Instituting post-growth planning: urban-rural-industrial conflicts in the Amsterdam city-region


  • Federico Savini University of Amsterdam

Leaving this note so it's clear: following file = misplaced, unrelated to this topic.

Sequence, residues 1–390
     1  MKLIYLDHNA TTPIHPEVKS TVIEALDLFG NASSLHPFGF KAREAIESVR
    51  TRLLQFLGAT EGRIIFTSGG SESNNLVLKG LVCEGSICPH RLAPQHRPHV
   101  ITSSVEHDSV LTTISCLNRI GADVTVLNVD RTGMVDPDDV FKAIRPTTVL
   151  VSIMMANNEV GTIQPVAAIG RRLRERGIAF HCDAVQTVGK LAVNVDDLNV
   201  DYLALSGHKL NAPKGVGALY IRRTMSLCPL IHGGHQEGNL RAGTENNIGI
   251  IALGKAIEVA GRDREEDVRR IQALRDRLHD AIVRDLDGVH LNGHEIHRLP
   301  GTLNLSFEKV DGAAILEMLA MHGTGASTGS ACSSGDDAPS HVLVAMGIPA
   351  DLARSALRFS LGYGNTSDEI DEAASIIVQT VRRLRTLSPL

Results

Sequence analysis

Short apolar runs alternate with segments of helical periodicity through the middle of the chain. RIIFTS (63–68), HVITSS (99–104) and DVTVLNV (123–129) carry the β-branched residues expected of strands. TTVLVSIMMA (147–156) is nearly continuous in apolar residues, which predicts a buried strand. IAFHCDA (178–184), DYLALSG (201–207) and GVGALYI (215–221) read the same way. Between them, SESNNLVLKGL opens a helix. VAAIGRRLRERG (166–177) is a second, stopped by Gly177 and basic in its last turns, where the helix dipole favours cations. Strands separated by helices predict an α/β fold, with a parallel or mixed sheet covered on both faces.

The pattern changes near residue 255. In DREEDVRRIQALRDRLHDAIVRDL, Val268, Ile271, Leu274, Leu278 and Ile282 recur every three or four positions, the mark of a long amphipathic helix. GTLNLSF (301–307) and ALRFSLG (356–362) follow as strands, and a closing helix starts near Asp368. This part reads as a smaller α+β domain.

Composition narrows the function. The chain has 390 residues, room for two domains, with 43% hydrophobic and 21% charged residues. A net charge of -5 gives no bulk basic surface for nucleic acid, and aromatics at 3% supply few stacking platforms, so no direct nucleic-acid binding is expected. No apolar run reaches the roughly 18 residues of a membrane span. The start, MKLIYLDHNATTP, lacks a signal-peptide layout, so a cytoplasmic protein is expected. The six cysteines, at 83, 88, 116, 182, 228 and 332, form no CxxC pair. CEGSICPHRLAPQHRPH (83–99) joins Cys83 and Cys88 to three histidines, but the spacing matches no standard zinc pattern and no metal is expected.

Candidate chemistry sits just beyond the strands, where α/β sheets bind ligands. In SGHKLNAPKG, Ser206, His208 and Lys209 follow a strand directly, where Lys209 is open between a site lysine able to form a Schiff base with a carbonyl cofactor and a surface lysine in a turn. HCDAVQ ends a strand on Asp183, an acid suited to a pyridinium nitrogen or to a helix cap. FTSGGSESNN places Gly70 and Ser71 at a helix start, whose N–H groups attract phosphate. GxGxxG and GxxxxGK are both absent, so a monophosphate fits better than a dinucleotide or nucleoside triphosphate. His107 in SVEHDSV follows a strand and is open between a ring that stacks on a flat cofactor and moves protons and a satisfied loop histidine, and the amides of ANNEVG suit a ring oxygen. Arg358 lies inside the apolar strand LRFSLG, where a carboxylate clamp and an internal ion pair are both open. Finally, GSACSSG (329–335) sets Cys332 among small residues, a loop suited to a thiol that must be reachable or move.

Post-growth planning has been defined as a practice and a new planning regulatory framework that puts care (for land and communities), sufficiency, well-being, and autonomy at its center. Within post-growth planning scholarship, the key argument is that planning needs to indent the consolidated ideology of growth at many levels, from the regulatory frameworks that govern land use and value to the deeper worldviews and ideologies that motivate planning practitioners. Yet, scholars have hardly explained how these values, worldviews, and new regulatory frameworks come about. This is what I define as the problem of instituting post-growth planning, namely the challenge to create public support, political legitimacy, and institutional capacity to produce frameworks, regulations, and procedures for post-growth planning. In my paper, I will argue that this process includes both a deconstruction and a reconstruction of the institutional apparatus of planning, starting from processes of interruption of planned (future) growth and the undoing of established planning rules. This deconstruction is sided by an active practice of reconstructing new social norms and institutions, which is an active socio-political struggle for the careful management of land and its socio-ecological valorization. In the paper, I will conceptualize this double ‘movement’ of post-growth planning and trace the contestation of existing planning frameworks and the institution of new planning norms. To do so I will discuss the example of the Lutkemeerpolder, 100 hectares of land situated at the boundary between the city, countryside, and airport in the South-West fringe of the Amsterdam city-region. Today, the polder is the site where existing planning frameworks are contested by grassroots political movements, motivated by new post-growth policy frameworks (i.e.. the ‘doughnut city’ framework recently approved by the Amsterdam administration). For 20 years, the area has been developed as a key site for the economic growth of the city, a logistical hub providing jobs related to smart logistics and airport traffic. At the same time, the area is recognized as the last fertile soil of the city, with significant ecological, social, and historical value. It has become the struggle of a vibrant, committed, and organized advocacy community that tries to protect it. By tracing the history of this planning project, I will show the dialectic way in which post-growth planning emerges as a real-life alternative to existing (growth-led) planning processes.